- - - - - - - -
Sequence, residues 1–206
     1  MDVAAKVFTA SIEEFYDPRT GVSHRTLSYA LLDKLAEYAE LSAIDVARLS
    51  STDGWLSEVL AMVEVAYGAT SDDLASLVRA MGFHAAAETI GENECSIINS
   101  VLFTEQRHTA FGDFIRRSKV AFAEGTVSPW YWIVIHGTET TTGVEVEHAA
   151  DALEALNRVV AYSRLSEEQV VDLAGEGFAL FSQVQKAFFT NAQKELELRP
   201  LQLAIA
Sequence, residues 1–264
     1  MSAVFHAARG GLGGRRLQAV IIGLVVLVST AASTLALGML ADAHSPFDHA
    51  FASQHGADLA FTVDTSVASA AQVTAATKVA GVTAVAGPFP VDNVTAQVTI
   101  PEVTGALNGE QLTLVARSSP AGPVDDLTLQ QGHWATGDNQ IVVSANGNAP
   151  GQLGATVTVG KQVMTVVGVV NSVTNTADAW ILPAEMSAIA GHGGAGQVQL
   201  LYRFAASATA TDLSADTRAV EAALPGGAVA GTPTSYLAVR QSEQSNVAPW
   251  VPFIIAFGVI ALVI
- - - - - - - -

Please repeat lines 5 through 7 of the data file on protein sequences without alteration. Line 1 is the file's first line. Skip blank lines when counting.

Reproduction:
   151  DALEALNRVV AYSRLSEEQV VDLAGEGFAL FSQVQKAFFT NAQKELELRP
   201  LQLAIA
Sequence, residues 1–264